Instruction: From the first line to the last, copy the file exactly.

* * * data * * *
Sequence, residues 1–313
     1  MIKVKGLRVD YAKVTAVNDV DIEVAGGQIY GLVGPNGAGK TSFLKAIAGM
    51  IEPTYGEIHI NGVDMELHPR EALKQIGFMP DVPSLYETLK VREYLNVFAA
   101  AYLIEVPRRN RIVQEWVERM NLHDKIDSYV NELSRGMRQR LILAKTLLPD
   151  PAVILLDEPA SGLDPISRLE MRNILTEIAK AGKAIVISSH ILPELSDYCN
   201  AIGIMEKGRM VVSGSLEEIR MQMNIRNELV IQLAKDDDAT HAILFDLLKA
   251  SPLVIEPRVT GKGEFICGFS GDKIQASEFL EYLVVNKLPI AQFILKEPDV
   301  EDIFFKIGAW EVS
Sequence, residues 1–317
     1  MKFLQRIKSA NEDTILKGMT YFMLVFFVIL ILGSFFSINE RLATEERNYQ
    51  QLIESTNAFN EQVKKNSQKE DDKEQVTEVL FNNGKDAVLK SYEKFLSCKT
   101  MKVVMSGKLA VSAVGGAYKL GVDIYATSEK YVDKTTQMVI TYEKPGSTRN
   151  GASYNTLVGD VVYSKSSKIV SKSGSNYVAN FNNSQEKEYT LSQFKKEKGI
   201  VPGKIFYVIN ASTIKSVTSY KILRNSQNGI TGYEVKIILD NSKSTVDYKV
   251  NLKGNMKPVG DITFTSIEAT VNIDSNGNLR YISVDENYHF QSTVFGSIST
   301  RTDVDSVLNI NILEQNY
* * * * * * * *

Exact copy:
Sequence, residues 1–313
     1  MIKVKGLRVD YAKVTAVNDV DIEVAGGQIY GLVGPNGAGK TSFLKAIAGM
    51  IEPTYGEIHI NGVDMELHPR EALKQIGFMP DVPSLYETLK VREYLNVFAA
   101  AYLIEVPRRN RIVQEWVERM NLHDKIDSYV NELSRGMRQR LILAKTLLPD
   151  PAVILLDEPA SGLDPISRLE MRNILTEIAK AGKAIVISSH ILPELSDYCN
   201  AIGIMEKGRM VVSGSLEEIR MQMNIRNELV IQLAKDDDAT HAILFDLLKA
   251  SPLVIEPRVT GKGEFICGFS GDKIQASEFL EYLVVNKLPI AQFILKEPDV
   301  EDIFFKIGAW EVS
Sequence, residues 1–317
     1  MKFLQRIKSA NEDTILKGMT YFMLVFFVIL ILGSFFSINE RLATEERNYQ
    51  QLIESTNAFN EQVKKNSQKE DDKEQVTEVL FNNGKDAVLK SYEKFLSCKT
   101  MKVVMSGKLA VSAVGGAYKL GVDIYATSEK YVDKTTQMVI TYEKPGSTRN
   151  GASYNTLVGD VVYSKSSKIV SKSGSNYVAN FNNSQEKEYT LSQFKKEKGI
   201  VPGKIFYVIN ASTIKSVTSY KILRNSQNGI TGYEVKIILD NSKSTVDYKV
   251  NLKGNMKPVG DITFTSIEAT VNIDSNGNLR YISVDENYHF QSTVFGSIST
   301  RTDVDSVLNI NILEQNY